Last evening, sitting on reservoir banks, we glanced at the rugged low-lying hills one last time before the sun descended beneath the horizon. A few children played a game of catch in the narrow alleyways while women discussed prices of vegetables in their courtyard. A young boy sought permission from his mother to continue playing outside. At the end of the lane, an old man lit a kerosene lamp outside his house whilst a girl dressed in her school uniform ran hither and thither in search of her friends.
We asked the locals if we could find some place to rest for the night. They said the guest houses within the tea estates rented out rooms but they were unsure of the rates. We drove to a lodging house and inquired if they had any rooms to spare. They were completely booked. The owner also informed us that a herd of elephants were spotted nearby. “The Forest Department sent us an sms sometime ago. Be careful and drive safely,” he said.
We headed in the opposite direction. At night, after dinner, we discussed in length about the myriad underlying socio-economic issues that seldom gain any attention in Kerala. While the state prides itself on being developed and progressive, the deplorable state of the Adivasi communities brings forth yet another perspective on the government’s priorities with respect to addressing tribal issues. Marginalised tribes have been staging protests all over Kerala in hopes that their pleas would be answered some day.
However, the state’s apathetic attitude towards expediting tribal welfare programmes has had a devastating impact on the lives of these tribes. Apart from being duped with poorly executed rehabilitation schemes that were sabotaged by those who controlled the forest and plantation-based economy, they have also had to battle land encroachment and displacement . The blatant violation of High Court orders by the government of Kerala with respect to upholding the constitutional rights of these Adivasis is a powerful reminder of how our governing bodies continue to nurture a system that perpetuates moral decay and fosters social injustice.
Last year, the Adivasi Gothra Maha Sabha (AGMS), an umbrella organisation of tribals in Kerala, organised a standing strike wherein hundreds of tribesmen stood outside government offices for four months to protest against the empty and broken promises made to them by the state for decades. And, yet the government remains indifferent to their demands. According to reports received by an RTI Activist a few months ago, the centre and state government have spent Rs 1,347 crore on tribal development in the last five years. Vanishing funds and the deliberate strengthening of bureaucratic regimes as a result of decentralisation initiatives has played a pivotal role in belittling tribal issues today.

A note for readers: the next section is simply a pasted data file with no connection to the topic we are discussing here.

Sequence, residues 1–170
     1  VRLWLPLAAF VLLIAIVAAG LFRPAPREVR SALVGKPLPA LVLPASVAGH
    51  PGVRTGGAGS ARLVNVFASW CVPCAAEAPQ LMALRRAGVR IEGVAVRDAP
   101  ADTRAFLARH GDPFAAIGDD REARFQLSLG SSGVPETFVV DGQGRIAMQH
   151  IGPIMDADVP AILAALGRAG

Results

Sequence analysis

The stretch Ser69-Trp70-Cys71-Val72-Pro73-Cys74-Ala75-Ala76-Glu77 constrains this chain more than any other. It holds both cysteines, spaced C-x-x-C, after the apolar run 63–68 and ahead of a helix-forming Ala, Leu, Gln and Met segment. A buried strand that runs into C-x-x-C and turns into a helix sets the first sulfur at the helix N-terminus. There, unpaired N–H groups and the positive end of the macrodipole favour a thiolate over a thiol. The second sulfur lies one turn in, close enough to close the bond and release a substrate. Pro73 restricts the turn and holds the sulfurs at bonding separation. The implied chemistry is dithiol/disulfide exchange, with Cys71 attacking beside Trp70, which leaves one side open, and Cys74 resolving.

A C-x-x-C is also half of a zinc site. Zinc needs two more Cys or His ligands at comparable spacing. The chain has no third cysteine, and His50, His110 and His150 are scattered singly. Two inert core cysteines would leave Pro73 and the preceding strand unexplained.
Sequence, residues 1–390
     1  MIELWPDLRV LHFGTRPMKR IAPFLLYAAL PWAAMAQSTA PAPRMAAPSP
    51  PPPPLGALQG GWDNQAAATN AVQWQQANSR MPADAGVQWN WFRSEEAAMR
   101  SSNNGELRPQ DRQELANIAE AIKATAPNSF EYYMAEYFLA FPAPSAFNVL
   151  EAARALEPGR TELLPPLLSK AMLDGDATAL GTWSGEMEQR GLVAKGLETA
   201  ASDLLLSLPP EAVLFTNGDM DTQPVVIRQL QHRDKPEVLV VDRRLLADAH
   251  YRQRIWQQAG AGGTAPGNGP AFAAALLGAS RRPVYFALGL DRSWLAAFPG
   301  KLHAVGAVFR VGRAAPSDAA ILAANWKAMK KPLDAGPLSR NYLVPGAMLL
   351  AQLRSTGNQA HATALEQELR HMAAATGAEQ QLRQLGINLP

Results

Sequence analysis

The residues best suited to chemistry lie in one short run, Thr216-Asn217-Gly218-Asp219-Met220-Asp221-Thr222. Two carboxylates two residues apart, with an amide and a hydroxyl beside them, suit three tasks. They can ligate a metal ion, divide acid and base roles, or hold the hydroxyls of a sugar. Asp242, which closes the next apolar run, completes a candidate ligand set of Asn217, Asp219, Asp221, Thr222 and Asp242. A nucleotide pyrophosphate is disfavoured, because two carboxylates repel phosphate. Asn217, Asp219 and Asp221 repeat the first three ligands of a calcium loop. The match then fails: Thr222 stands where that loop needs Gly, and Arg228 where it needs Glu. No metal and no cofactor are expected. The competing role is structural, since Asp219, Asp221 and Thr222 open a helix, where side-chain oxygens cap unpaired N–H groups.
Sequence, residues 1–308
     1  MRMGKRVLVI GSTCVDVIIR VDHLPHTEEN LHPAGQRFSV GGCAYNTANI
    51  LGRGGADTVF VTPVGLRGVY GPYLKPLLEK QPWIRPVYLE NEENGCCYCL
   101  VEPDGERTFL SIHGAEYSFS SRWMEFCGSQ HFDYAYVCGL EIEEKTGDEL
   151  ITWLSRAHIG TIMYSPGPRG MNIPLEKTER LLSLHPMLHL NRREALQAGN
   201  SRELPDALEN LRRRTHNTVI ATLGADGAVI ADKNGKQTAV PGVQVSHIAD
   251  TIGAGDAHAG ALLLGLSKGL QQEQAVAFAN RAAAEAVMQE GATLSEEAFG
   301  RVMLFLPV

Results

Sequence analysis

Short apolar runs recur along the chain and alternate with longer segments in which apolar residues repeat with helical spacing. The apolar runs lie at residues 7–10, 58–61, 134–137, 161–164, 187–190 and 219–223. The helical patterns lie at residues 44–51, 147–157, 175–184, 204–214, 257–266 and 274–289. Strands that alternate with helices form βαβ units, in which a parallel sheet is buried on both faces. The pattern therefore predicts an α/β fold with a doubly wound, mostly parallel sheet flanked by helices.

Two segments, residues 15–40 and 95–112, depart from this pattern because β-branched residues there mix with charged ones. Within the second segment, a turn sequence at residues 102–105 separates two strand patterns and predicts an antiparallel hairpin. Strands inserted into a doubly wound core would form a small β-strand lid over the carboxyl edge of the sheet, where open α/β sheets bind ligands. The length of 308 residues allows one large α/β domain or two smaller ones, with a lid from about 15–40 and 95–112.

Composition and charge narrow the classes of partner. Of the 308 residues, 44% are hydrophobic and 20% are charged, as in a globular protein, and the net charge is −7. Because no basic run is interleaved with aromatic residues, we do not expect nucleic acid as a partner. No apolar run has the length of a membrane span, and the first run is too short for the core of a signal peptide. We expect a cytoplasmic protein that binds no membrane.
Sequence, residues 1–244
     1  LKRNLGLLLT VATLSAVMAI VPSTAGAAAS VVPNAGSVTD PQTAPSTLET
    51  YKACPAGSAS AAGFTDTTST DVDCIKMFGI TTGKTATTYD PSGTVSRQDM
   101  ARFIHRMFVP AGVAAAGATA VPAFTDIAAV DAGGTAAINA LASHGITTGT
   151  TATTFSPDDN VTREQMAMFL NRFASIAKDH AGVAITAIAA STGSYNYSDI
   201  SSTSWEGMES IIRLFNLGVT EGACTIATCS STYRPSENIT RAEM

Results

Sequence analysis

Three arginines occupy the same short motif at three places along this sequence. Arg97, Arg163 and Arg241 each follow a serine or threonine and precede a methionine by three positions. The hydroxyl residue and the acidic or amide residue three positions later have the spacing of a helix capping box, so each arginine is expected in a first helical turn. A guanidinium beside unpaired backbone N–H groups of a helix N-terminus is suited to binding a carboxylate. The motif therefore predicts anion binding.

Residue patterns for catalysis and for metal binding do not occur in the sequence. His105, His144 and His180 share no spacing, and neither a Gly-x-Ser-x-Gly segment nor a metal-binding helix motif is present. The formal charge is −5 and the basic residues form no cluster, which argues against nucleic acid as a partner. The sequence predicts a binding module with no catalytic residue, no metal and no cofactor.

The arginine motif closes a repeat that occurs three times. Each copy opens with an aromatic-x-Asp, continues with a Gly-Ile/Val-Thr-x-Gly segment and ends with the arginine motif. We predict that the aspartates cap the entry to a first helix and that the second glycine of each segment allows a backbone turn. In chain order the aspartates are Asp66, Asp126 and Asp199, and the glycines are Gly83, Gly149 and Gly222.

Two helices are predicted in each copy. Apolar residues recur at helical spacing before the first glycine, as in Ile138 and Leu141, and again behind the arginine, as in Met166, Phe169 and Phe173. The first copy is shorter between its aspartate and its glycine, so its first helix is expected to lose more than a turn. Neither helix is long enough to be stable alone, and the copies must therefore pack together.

Thanks to the ‘money-order’ economy of Kerala, while rest of the so-called ‘civilised’ society has gone decades ahead in terms of development, welfare of tribal communities seems to have taken a back seat with the policy makers. This prompted us to delve deeper into the situation of Adivasis in Kerala.
We decided to head towards Attapadi. At 11.30 pm, we drove to Coimbatore through meandering roads and dense fog that added an eerie mystical charm to the forest. Within a few minutes, the jeep came to a screeching halt and Fayez pointed at a tree. A family of antelopes grazed in the dark in silence while some of them stood motionless. We sat still for a few moments staring at them while their curious eyes roamed the road. Sensing no imminent danger, they walked lazily into a patch of land disappearing into the night forever.
We reached Coimbatore in the morning. And as expected, the city was hot, dusty and polluted. Blaring horns and traffic congestion greeted us at every step, and we couldn’t wait to get out…
Through #RestofMyFamily, we will focus on highlighting social issues and human interest stories, documenting the triumphs of the ordinary man despite all the hardships they face constantly, and help these stories reach a larger audience and wherever necessary extend support to the individuals and communities that we write about. We hope to make a direct impact to the lives of those people we meet and find suffering due to various social issues; to connect the ones who need help to the ones who can help….
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